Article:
President Trump’s critics said he was too vain to walk away from a bad deal at his summit with North Korean leader Kim Jong Un. But that’s exactly what he did — and he showed himself to be a winner in the process.
The pre-summit conventional wisdom said this wouldn’t happen. Trump was supposed to “need” a deal to counter the publicity from his former personal lawyer Michael Cohen’s testimony before the House Oversight Committee on Wednesday. Trump was supposed to be too besotted with his personal relationship with Kim to refuse something that the clever dictator would present. Anonymous aides were said to be worried about what would happen if the two men were alone in a room together.
Well, they were alone in a room, Kim did offer a terrible deal, and Trump calmly walked away. Indeed, by cutting the summit short and walking away without even signing a face-saving concluding statement, Trump made it clear that he was more interested in substance than show.
Make no mistake, the deal Kim supposedly offered would have been terrible from a U.S. perspective. Dismantling North Korea’s nuclear facility at Yongbyon in exchange for ending all sanctions on the nation‚ as Trump portrayed their offer, would have given the North Koreans what they desired most for only a tiny portion of what we wanted. Even the North’s characterization of the offer, that they only wanted removal of some sanctions, would have been insufficient for the United States.
North Korea’s leaders would have kept all their intercontinental missiles, all of the weapons-grade plutonium already produced and all the nuclear devices they might have stored, and they would have kept their entire nuclear inventory secret. Indeed, offering to dismantle their only known source for plutonium is itself a hint that they have developed alternative sources, making Yongbyon expendable. No serious leader would even have considered such an offer.
Rejecting it out of hand shows that Trump was serious in this instance. “Sometimes you have to walk, and this was just one of those times,” the president said at a news conference. The fact that Trump could do that will send a clear message to Kim and other governments he is negotiating with that he won’t let ego get in the way of getting a good deal for the United States.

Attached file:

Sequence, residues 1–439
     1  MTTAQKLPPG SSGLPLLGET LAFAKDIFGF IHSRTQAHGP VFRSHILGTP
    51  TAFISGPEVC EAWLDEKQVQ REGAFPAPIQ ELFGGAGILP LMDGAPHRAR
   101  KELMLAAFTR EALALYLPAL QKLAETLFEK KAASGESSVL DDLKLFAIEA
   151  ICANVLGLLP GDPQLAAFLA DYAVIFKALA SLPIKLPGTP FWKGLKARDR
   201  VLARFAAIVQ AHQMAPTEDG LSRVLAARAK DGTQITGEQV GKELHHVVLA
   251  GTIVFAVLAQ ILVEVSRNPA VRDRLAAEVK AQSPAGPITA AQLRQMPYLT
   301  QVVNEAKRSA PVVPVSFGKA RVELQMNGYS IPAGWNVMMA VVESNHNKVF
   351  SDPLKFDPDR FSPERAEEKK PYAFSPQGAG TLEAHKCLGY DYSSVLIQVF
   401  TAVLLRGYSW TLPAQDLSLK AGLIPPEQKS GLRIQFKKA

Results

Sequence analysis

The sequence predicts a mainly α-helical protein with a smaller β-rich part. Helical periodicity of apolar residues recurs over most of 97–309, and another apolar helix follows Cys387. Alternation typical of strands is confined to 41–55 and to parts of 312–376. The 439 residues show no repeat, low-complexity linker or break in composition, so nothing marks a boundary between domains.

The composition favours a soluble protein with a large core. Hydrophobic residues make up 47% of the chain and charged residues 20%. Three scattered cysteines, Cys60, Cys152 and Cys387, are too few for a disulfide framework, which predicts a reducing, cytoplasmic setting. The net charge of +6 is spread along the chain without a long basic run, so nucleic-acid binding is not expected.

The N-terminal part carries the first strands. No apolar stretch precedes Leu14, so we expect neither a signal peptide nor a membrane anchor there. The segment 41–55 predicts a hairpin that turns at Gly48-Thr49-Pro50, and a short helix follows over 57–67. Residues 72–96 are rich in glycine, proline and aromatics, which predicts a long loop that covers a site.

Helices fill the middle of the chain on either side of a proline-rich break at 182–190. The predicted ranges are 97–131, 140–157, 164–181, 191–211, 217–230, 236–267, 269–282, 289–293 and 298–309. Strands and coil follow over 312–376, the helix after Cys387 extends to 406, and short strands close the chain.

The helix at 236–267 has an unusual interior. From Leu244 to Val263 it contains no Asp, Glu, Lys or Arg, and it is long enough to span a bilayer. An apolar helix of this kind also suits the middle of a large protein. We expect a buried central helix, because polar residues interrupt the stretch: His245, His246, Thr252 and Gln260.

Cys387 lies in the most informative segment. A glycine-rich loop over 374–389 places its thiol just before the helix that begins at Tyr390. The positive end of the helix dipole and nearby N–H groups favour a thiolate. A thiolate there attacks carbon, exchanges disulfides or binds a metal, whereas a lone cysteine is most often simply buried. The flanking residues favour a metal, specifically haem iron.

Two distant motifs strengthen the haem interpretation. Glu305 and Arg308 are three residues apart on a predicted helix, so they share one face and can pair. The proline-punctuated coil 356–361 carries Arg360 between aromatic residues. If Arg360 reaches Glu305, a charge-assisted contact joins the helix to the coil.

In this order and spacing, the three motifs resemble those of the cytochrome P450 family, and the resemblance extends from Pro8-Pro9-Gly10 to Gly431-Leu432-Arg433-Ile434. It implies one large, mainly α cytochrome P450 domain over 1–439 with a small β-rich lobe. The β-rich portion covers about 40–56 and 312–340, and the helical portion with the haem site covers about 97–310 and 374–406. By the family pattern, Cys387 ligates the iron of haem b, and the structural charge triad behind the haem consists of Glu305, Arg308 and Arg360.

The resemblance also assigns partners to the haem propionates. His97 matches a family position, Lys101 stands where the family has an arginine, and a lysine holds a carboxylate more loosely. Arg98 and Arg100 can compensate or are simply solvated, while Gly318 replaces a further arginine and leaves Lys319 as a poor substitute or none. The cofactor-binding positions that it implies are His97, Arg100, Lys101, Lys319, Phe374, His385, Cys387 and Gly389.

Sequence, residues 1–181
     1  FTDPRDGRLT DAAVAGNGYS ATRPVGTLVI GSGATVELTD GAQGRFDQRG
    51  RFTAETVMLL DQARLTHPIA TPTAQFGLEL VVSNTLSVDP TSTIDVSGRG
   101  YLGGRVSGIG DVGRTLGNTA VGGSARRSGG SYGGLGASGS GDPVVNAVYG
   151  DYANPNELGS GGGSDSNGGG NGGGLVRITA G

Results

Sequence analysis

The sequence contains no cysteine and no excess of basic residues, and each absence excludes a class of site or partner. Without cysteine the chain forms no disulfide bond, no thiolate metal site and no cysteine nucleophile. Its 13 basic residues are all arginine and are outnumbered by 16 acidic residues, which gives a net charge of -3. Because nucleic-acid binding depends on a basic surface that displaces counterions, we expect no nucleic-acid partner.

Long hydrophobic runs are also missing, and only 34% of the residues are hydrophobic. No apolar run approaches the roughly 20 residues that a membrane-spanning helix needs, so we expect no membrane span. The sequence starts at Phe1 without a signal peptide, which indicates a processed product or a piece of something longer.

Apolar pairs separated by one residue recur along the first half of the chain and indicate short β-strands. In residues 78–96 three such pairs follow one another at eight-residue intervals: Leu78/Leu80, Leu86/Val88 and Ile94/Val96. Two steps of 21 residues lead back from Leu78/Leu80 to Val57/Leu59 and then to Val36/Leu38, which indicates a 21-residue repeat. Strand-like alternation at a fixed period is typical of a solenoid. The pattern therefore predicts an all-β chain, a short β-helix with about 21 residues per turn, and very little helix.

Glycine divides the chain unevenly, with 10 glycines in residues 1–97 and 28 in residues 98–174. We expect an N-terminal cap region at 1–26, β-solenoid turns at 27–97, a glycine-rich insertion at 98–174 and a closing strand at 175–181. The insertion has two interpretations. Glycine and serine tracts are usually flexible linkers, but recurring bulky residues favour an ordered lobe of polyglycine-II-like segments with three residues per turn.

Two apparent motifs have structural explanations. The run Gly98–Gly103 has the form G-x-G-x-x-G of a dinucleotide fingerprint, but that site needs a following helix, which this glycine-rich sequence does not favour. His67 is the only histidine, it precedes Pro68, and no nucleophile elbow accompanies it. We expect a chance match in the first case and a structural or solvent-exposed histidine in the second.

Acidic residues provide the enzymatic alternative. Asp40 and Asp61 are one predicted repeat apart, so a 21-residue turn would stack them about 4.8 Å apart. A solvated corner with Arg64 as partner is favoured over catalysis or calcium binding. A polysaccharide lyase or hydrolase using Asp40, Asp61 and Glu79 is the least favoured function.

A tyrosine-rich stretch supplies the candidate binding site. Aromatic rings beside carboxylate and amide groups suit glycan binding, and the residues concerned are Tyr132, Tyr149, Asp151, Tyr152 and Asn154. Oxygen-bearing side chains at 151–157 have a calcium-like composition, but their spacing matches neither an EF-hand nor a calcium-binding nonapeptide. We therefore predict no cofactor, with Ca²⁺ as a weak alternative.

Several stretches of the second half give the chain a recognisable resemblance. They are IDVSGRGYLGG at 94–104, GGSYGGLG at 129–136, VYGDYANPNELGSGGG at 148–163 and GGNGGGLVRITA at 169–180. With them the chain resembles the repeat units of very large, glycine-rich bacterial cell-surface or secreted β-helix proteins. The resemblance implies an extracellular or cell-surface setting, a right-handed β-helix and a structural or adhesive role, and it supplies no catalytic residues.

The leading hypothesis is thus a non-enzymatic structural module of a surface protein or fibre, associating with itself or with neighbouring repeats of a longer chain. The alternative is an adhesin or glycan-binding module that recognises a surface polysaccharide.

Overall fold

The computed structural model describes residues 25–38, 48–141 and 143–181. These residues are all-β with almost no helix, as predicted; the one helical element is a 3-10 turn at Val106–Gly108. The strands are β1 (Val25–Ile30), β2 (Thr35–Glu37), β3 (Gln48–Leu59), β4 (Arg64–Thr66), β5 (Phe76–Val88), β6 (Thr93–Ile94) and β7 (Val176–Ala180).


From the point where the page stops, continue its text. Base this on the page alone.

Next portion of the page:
This in turn will bolster, not diminish, his popular standing at home. His backers will see their judgment vindicated: Trump took a risk, didn’t get what he needed and was shrewd enough to call off the meeting. Those who aren’t invested in their hatred for him might begin to see him in a different light. After all, they had just been told incessantly that Trump couldn’t do what he just did. Perhaps they will begin to see him as what he has always said he was: a negotiator who knows how to wield carrots and sticks, flattery and straight talk, as needed to get a deal done.
Make no mistake, a deal might still get done. Trump’s walking out does not mean talks with North Korea will cease. He was careful not to damn Kim, call for a return to “fire and fury” or start tweeting about “Rocket Man.” Instead, he simply stated that this deal wasn’t good enough and left, putting the ball back in Pyongyang’s court to see if its leaders are willing to move further toward the stated goal of denuclearization.
North Korea now knows the limits of its charm offensive. Firm resolve seems to underlie all the flattery and unctuous talk Trump has bestowed on Kim. The talk proved to be just that — talk.
We don’t know what will happen next. Perhaps all the critics will be proved right next time. Perhaps Trump only wanted a slightly less bad deal to sign. Perhaps the Cohen testimony had the opposite effect, convincing the president he would show more strength by walking away than by signing a deal when under political pressure at home. Perhaps.
Or perhaps, just perhaps, Trump really does know what he’s doing.